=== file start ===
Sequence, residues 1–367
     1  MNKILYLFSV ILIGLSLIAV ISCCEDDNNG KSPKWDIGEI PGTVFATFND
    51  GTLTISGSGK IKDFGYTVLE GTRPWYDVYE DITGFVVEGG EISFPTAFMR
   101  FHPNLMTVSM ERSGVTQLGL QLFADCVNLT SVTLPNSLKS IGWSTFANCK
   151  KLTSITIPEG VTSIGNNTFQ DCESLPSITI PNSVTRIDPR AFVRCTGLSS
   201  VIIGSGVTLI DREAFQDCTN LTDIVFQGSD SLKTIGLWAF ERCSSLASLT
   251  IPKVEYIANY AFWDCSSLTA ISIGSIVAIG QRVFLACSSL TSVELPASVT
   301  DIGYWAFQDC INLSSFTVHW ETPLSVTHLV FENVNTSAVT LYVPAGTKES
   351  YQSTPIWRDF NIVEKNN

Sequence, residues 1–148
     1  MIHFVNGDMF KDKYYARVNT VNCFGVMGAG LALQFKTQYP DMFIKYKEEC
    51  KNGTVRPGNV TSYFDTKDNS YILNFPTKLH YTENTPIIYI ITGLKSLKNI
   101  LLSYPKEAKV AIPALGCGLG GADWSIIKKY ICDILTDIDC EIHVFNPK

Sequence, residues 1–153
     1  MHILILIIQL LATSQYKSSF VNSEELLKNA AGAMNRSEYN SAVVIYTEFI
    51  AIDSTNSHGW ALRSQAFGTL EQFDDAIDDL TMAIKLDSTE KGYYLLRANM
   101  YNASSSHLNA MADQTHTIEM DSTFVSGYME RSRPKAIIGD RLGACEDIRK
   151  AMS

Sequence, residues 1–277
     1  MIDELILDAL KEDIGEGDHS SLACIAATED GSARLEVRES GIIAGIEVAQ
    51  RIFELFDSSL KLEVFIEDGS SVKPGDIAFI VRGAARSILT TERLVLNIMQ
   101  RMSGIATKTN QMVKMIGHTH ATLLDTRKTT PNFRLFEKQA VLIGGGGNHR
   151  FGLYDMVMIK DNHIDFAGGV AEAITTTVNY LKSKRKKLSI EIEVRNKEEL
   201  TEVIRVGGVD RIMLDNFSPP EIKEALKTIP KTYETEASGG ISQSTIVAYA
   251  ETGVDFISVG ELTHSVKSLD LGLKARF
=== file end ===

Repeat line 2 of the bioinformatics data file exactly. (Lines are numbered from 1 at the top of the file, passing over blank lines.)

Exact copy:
     1  MNKILYLFSV ILIGLSLIAV ISCCEDDNNG KSPKWDIGEI PGTVFATFND